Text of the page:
Mountain Bike Reviews Forum banner
1 - 20 of 28 Posts

·
Registered
Joined
·
896 Posts
Discussion Starter · #1 ·
Hellow fellow Ibians, Thought I'd share with you some bearing 101 ideas.

I just got my new Lopes link (red) and thought I'd check the bearings for grease.

Ever wonder why some of your pivot bearings seem to seize and some don't? Or, some last longer that others?

I carefully removed all four bearing seals (seal pick set, Grainger, $10.00) and to my surprise one bearing had VERY little, if any, grease. Anyway, what I'm doing to all of my ball bearings is popping off the seals and applying a few drops of Dumonse TECH liquid grease (ya, very over priced). This should perserve the bearings for several years if I do this once a season. Since I like to wash my bike after every ride it will be a good idea.

Ball bearings are ment for 360 degee rotation (for propper internal lubrication), so applying too much grease for this application will not cause any problems, like seals popping off. I think that's one reason the bearing manufacturers put a limited amount of grease in the bearings. Actually, using roller ball bearings for non 360 degree rotation is not the propper application for ball bearings. A bronze bushing should be used with a grease (zerk) fitting instead. That's for bearings 102

Anyway, give this a try on all of your bike bearings, even the ones in your wheel hubs.

I will post some pictures if anyone in intersted.

Let me know how you make out

David
 

·
Registered
Joined
·
896 Posts
Discussion Starter · #2 ·
Another Point

I guess I should have said in the above blog is, don't take it for granted that your new bearings have sufficient grease inside of them. Especially for the type of conditions we put them through.

David
 

·
Registered
Joined
·
1,559 Posts
Good advice... on my old Ventana I actually drill grease port holes into the middle of the split bushings and was able to inject fresh lube any time it needed... I wish it was this EZ on the Mojo. I know the SC Blur LT2 has a grease port on the lower/main pivot.

I too rinse my bike after every (winter/wet) ride, so I guess my bearings will be shot come spring time if I don't do something about it....
 

·
Registered
Joined
·
609 Posts
Maybe Ibis could use a more reputable bearing manufacturer in the future? Wondering what the quality control is like for the bearing manufacturer used by Ibis if these issues come up (considering the cost of the links, I'd think the bearings would be better or more robust out of the box).
 

·
Guesswho117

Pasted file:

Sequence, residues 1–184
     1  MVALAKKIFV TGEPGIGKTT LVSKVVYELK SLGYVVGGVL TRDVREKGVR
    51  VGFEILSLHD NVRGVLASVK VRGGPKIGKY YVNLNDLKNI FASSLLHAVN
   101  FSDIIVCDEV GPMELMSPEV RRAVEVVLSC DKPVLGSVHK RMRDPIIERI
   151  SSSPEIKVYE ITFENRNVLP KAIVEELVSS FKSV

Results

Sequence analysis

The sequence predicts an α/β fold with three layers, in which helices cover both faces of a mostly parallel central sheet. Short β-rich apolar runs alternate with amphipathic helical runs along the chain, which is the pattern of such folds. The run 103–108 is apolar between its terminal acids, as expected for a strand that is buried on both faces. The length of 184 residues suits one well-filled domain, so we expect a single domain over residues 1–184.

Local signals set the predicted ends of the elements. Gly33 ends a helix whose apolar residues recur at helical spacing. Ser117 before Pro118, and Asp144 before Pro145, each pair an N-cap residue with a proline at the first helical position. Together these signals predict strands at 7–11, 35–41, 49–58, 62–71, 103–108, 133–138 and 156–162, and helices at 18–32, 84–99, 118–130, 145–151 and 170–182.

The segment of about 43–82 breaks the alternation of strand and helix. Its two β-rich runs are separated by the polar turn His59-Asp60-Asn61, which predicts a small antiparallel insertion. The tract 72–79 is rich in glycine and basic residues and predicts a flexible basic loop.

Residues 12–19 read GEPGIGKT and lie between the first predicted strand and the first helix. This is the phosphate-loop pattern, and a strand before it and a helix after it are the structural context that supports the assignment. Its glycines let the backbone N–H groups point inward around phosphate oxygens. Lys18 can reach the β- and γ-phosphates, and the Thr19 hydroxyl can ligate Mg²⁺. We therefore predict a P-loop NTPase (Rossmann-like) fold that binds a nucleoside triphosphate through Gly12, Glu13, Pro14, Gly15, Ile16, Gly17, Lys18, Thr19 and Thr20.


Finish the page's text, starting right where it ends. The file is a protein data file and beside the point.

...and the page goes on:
Joined
·
254 Posts
I've been reading a lot of these posts and I'm shocked to hear some people are having to replace their bearings after as little as 6 months to a year. I believe Ibis could look into using some aircraft bearings like Marin Bikes which offer a lifetime warranty on their bearings. If Marin Bikes can offer this, I believe Ibis and other manufactures can also. This will only improve on what is already a great bike.
 

·
Registered
Joined
·
896 Posts
Discussion Starter · #8 ·
Guesswho117 said:
I've been reading a lot of these posts and I'm shocked to hear some people are having to replace their bearings after as little as 6 months to a year. I believe Ibis could look into using some aircraft bearings like Marin Bikes which offer a lifetime warranty on their bearings. If Marin Bikes can offer this, I believe Ibis and other manufactures can also. This will only improve on what is already a great bike.
Life time on a sealed bearing is interesting. There's only so many ways you can seal a ball bearing, that being a steel or rubber type of seal, or single or double lip. I have a hunch that the bearings Marin uses have the same seals that everyone else is using.

That's why I feel that if you load the bearings with a good water proof grease, the life will be prolonged better than anything else you can do (beside not riding at all).

my $.02

David
 

·
Registered
Joined
·
223 Posts
Mojo Man said:
Life time on a sealed bearing is interesting. There's only so many ways you can seal a ball bearing, that being a steel or rubber type of seal, or single or double lip. I have a hunch that the bearings Marin uses have the same seals that everyone else is using.

That's why I feel that if you load the bearings with a good water proof grease, the life will be prolonged better than anything else you can do (beside not riding at all).

my $.02

David
Yep, I own one of those Marins (but I think the lifetime warranty is only in U.K.) Bearings seem the same as all the others, but I'll take a look at the numbers on them to see if there is something special. The latest quad link has the bearings in a very protected location, which is why I believe they can get away with this warranty. And maybe they specify more grease like Phil Wood?
 

·
www.derbyrims.com
Joined
·
6,766 Posts